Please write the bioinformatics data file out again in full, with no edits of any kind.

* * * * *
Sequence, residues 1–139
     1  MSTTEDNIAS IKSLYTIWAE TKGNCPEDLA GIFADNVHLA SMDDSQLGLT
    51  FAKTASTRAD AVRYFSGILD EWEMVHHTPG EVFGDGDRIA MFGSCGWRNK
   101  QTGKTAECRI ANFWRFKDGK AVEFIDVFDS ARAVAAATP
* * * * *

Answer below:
Sequence, residues 1–139
     1  MSTTEDNIAS IKSLYTIWAE TKGNCPEDLA GIFADNVHLA SMDDSQLGLT
    51  FAKTASTRAD AVRYFSGILD EWEMVHHTPG EVFGDGDRIA MFGSCGWRNK
   101  QTGKTAECRI ANFWRFKDGK AVEFIDVFDS ARAVAAATP